Positive Responses in the Community via AAC

This afternoon I took the boys to Walmart (a mistake, but a quick trip, I promise!), to a restaurant and our favorite ice cream parlor (Carmen & David's in Lancaster - THE most AWESOME ice cream EVER, I swear!)

Nathan was starting to get grouchy, I'm pretty sure from the discomfort from a fairly large burn (front of thigh from nearly top to bottom, don't ask :_(  We're all unhappy about it.)  We did what we had to do in about 15 min and left.  But he got grouchier from there.

I just got a new augmented alternative communication (AAC) app, Avaz which I *just* loaded on the iPad today and grabbed to take along.  I did a few adjustments before I left, but did much of it on the way.  I even had Sam add over a dozen icons while we were in the car.  So.  Easy to use?  Yes, very.  I'll blog on the app later in the month (I only get it for a month, so we'll see.)

I knew Nathan didn't feel good, so I showed him the app.  I put him in the feeling category I had added.  And he put :

 Wow, not what I was expecting.  He put it in again later, when we were at the restaurant.

I gave him 2 Tylenol and we drove on.

When we were at the restaurant, he chose coke and PB&J.  I had him put it on the app and show the waitress, who was very impressed.  He had to type the peanut butter and jelly part.  The app puts in icons over the words, which is a bit strange.  He spells phonetically, so it was 'penut' which had no word.  But then 'butter' had a stick of butter over.  And 'jelly' had jelly beans.  We all got a giggle out of imagining a sandwich with jelly beans.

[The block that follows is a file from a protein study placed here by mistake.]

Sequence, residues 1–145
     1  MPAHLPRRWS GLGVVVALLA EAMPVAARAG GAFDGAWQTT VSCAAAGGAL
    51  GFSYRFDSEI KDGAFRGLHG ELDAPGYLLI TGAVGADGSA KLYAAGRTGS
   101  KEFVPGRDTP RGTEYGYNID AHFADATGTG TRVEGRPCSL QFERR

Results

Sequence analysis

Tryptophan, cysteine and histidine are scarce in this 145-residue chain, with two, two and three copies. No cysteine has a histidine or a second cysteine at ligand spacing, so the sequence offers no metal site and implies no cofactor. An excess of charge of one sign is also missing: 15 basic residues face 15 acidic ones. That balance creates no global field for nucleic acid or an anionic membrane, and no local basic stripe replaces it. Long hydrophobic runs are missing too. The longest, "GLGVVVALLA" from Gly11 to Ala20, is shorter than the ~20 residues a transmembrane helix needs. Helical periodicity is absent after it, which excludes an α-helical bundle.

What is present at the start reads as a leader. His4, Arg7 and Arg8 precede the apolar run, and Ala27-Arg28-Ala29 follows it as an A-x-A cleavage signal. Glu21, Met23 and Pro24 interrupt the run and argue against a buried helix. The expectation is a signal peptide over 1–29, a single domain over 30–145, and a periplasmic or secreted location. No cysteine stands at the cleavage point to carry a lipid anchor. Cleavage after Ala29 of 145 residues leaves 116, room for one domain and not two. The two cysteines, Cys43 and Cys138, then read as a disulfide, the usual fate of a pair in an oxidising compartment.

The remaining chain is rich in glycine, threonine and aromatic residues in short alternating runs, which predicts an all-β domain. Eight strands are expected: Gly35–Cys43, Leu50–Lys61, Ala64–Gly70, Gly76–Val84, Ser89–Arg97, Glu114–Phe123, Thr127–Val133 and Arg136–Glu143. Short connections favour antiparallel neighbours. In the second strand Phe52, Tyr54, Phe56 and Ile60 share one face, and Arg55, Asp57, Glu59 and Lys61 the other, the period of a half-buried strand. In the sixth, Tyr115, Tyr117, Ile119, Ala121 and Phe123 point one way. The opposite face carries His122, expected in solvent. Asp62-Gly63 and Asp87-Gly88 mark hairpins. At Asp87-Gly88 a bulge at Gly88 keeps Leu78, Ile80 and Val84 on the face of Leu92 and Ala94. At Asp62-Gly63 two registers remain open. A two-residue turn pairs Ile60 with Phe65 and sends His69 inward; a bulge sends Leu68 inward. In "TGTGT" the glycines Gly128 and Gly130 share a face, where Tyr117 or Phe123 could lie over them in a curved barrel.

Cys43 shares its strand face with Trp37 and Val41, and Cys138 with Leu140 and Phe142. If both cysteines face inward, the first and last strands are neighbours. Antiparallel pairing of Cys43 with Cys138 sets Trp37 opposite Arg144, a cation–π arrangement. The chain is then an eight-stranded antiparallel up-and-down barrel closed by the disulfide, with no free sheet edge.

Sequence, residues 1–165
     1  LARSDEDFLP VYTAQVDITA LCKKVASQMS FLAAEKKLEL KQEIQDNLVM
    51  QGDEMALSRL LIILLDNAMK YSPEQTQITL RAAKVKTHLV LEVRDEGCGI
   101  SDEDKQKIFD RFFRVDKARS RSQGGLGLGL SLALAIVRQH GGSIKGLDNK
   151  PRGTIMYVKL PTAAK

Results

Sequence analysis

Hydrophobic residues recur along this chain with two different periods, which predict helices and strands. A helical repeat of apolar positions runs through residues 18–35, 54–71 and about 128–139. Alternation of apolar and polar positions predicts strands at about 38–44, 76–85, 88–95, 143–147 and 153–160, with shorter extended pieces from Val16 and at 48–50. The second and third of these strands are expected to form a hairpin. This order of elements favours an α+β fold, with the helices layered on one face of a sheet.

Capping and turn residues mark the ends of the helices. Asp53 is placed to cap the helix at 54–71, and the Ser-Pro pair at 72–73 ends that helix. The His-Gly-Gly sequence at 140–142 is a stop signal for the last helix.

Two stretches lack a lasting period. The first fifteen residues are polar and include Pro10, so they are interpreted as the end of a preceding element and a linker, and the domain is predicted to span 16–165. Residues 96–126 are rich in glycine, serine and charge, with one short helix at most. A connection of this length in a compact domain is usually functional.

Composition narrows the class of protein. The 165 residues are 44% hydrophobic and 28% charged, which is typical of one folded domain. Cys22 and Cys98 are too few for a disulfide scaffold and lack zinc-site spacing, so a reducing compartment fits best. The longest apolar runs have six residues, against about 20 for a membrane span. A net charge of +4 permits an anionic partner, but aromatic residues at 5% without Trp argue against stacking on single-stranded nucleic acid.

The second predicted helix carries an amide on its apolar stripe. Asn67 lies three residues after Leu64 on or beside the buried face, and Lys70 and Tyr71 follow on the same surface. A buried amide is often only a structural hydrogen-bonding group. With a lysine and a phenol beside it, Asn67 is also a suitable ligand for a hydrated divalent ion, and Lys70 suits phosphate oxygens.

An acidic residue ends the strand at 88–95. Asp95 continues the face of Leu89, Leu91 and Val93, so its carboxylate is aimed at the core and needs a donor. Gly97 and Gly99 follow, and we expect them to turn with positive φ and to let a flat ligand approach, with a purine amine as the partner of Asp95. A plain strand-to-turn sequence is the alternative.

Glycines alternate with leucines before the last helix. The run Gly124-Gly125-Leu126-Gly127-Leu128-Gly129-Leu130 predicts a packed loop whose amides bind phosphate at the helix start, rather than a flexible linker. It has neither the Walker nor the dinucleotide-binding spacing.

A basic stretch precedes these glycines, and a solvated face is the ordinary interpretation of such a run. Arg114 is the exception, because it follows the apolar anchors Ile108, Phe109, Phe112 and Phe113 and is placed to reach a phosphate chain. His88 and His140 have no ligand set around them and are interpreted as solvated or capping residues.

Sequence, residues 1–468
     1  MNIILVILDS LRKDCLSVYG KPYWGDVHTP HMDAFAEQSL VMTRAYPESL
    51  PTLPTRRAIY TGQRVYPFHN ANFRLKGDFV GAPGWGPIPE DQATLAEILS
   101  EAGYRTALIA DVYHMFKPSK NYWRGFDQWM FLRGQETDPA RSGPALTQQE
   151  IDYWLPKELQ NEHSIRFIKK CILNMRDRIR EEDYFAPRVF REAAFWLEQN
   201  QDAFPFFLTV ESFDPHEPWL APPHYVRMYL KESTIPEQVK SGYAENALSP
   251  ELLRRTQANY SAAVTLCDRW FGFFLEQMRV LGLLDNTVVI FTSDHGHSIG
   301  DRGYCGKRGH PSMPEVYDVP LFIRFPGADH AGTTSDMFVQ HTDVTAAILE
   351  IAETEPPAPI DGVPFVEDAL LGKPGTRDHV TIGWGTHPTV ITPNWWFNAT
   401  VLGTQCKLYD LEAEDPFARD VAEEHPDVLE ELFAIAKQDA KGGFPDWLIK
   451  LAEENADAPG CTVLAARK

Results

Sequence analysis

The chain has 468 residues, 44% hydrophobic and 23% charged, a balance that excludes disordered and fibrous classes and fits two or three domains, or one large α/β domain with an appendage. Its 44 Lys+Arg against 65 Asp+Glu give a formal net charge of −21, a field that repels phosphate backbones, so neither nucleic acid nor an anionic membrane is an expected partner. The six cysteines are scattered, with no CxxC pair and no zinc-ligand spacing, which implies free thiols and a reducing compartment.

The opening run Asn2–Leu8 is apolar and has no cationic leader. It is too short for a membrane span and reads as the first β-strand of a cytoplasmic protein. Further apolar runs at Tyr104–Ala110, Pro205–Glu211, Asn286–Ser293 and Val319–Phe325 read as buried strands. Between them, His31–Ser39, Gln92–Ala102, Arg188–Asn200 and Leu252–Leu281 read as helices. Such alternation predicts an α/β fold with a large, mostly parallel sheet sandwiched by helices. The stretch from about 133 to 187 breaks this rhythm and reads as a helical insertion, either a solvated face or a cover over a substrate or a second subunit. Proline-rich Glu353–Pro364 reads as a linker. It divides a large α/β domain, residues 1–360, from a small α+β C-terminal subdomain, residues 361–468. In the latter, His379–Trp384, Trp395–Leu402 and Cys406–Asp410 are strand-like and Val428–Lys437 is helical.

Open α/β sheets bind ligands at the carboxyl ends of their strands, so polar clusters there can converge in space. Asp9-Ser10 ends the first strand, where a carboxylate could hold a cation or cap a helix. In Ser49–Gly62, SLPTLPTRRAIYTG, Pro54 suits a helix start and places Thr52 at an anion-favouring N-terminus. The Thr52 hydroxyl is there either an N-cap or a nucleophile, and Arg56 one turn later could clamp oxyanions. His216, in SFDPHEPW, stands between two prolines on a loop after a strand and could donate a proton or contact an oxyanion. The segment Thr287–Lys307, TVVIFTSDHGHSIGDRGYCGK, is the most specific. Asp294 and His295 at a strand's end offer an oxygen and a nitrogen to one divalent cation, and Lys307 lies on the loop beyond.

He went on to play with it a while.  Replaying the 'throat hurt' and then asking for belly presses.  I quick added a category for sensory with 'squeezes', 'pinches' (something he likes on his arms), and 'pressure' and copied the body parts that Sam had added into this category.  Easy Peasy.  He asked for 'belly pressure' over and over until his food came.  I saw a gentleman at a nearby table watching, listening and smiling approvingly.

Approval doesn't happen often when we're out.  He also had some screaming and self-biting, which others perhaps didn't find as pleasant.  Oh, well.  Welcome to my world.

After the meal was done, we were waiting for the check.  Nathan grabbed the iPad and put in this:

We next walked to Carmen & Davids and he verbally ordered this:

Orange sherbet, with hot fudge, of course.

I'm not saying that Avaz made us automatically lovable.  It helped me understand what he felt a lot better.  It didn't make him feel ALL better.  He was still grouchy.  His brothers were still irritating (to me too!)  His healing burn is itchy and painful.

But he got out what he was thinking, which is amazing and awesome.

And it gave people a touchstone with him.  People love technology.  They love seeing it used for near-miracles like giving non-verbal children speech.  I think also it put out to them that he was not just a weird kid who bit himself, but a child with a serious communication issue.  So not only did it serve a very useful (and totally worth it) communication function, but it was almost like a handicap parking tag, alerting people that he has more special needs than they might otherwise realize.


  1. I love how the iPad has opened up our kid's worlds in the way we can instantly download an AAC app and it is right there at our fingertips. Also, an iPad is so well know and very socially acceptable. I downloaded GoTalkNow last night and am setting it up for my boy.


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